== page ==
Waste-to-Energy (WTE) ashes (or called as municipal solid waste incineration ashes) have been recycled in the areas of road bed, asphalt paving, and concrete products in many European and Asian countries. In those countries, recycling programs (including required physical properties and environmental criteria) of ash residue management have been developed so as to encourage and enforce the reuse for WTE ashes instead of landfill disposal. However, the U.S. has shown a lack of consistent and effective management plans as well as environmental regulations for the use of WTE ashes. Many previous studies demonstrated the potential beneficial use of WTE ash as an engineering material with minimum environmental impacts. Due to persistent uncertainty of engineering properties and inconsistency in the Federal and State regulations in the U.S., the recycling of WTE ash has been hindered, and they are mostly disposed of in landfills. The goal of this study is to identify beneficial use of WTE ashes as construction materials; thus, the recycling program of WTE ashes will become more active in the U.S. One of potential applications for the WTE ashes can be cement-based materials because the ashes contain good chemical components such as calcium and silicon. Moreover, toxics (heavy metals) can be bound or encapsulated in cement matrix; thus, the leaching potential can be reduced. The specific objectives are: (1) to understand the current practice of the reuse of WTE ashes as construction materials, (2) to physically and chemically characterize WTE bottom and fly ashes, (3) to investigate the effects of WTE bottom and fly ashes in cementitious materials (e.g. cement paste and concrete) as replacement of either cement of fine aggregate with emphasis on cement hydration, and (4) to investigate the environmental impacts of WTE bottom ash on leaching when used in cement-based materials. Fundamental properties of MSWI bottom ash and fly ash were studied by conducting physical, microstructural, and chemical tests. Petrographic examinations, such as scanning electron microscopy (SEM), energy dispersive x-ray (EDX), and x-ray diffraction (XRD) were performed in order to identify chemical composition of the ash and to determine their contents. To evaluate the main side effect of ash when used in concrete, the creation of a network of bubbles due to the presence of aluminum, ashes and aluminum powder were submerged in high pH solution, and the evolution of hydrogen gas was measured. Efforts were made to investigate the influence of WTE ashes on engineering properties of cement paste and concrete specimens when part of Portland cement and fine aggregate are replaced with ground and sieved WTE ashes. Cement paste and concrete cylinders were cast with various amounts of mineral and fine aggregate additions, respectively, and their strength and durability were investigated. Subsequently, optimum mix proportioning of the WTE ashes was investigated when they are used in cement paste and concrete specimens. In addition, the leaching characteristics of major alkaline and trace elements from concrete containing varied amounts (10%-50%) of BA were investigated by Synthetic Precipitation Leaching Procedure (SPLP) batch testing.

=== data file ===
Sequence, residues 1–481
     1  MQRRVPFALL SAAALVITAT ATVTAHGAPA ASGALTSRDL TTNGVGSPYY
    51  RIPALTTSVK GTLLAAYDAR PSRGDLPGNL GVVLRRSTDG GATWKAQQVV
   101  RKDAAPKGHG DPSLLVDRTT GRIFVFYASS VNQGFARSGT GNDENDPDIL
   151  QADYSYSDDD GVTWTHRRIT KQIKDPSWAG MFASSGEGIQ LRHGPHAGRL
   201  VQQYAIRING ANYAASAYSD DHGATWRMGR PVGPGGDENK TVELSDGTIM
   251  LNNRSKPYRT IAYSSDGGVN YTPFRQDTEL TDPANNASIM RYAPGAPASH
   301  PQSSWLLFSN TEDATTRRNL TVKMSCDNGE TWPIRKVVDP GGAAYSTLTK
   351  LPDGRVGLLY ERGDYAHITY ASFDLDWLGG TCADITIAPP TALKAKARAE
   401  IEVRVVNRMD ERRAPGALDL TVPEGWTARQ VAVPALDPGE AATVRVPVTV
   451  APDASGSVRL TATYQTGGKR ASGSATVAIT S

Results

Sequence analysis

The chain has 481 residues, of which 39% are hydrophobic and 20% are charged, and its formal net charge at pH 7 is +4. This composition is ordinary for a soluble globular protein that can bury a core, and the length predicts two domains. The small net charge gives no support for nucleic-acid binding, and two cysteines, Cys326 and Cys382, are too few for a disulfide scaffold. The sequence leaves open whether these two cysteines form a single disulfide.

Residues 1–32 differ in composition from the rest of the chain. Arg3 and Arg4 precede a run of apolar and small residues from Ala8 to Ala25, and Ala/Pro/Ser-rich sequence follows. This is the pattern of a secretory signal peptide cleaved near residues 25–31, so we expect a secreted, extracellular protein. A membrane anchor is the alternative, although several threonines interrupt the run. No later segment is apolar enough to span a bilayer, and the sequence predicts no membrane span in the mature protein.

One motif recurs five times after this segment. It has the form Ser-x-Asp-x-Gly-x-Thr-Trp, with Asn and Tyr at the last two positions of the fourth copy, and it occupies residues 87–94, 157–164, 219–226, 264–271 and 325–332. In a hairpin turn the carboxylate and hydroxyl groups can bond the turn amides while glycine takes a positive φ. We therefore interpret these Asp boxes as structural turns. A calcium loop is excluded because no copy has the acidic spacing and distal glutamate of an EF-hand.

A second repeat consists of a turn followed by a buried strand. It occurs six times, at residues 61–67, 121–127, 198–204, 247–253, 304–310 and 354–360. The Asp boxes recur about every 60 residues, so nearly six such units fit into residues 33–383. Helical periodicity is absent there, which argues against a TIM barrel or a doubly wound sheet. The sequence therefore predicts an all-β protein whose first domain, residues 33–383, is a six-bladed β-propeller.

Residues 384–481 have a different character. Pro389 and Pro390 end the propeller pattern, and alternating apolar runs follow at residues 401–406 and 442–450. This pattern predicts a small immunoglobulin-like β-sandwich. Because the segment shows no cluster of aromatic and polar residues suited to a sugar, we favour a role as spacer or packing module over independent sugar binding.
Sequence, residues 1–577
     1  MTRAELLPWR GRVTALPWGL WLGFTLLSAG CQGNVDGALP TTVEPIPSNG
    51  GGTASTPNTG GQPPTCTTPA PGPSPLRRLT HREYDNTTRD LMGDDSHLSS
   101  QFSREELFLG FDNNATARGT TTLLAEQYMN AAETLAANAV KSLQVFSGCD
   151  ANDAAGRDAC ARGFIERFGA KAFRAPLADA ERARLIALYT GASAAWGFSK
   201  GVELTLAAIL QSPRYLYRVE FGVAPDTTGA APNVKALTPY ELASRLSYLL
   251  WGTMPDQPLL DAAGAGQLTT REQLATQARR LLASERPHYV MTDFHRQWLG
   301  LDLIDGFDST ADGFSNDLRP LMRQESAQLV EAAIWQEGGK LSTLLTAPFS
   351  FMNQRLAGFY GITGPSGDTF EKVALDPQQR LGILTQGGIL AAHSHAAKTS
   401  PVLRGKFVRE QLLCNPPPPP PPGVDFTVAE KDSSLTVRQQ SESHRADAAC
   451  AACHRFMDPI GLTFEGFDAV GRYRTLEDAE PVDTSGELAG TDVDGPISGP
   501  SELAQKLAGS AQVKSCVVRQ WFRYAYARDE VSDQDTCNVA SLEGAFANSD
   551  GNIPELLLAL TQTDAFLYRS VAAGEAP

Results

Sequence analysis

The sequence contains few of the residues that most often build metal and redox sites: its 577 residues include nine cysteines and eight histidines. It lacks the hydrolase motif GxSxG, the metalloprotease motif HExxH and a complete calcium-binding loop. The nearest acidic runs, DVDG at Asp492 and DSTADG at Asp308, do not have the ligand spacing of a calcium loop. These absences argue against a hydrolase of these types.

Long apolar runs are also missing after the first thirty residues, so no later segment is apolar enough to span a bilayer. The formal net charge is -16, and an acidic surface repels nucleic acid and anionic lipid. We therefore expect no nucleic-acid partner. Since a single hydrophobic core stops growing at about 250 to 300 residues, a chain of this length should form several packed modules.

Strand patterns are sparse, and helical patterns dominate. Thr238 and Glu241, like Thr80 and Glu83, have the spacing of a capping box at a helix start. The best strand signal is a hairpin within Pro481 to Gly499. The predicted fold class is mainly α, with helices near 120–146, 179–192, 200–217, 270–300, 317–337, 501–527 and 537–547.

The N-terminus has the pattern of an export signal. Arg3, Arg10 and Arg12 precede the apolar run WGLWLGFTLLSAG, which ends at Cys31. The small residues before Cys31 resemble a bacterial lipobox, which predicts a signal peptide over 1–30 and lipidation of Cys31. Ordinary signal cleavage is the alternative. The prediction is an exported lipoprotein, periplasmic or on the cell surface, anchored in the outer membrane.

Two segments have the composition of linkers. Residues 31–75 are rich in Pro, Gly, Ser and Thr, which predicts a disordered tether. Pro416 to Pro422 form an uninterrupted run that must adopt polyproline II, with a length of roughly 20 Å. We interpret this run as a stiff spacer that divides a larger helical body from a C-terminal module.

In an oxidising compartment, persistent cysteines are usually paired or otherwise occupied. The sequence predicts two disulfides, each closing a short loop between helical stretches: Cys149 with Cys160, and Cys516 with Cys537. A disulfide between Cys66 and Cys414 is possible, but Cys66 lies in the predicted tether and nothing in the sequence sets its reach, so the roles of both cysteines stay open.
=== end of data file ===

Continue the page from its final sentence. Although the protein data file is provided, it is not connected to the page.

If this is your thesis or dissertation, and want to learn how to access it or for more information about readership statistics, contact us at STARS@ucf.edu
Nam, Boo Hyun
Doctor of Philosophy (Ph.D.)
College of Engineering and Computer Science
Civil, Environmental, and Construction Engineering
Length of Campus-only Access
Doctoral Dissertation (Open Access)
An, Jin Woo, "Characterization of Waste-To-Energy (WTE) Bottom and Fly Ashes in Cementitious Materials" (2015). Electronic Theses and Dissertations, 2004-2019. 5156.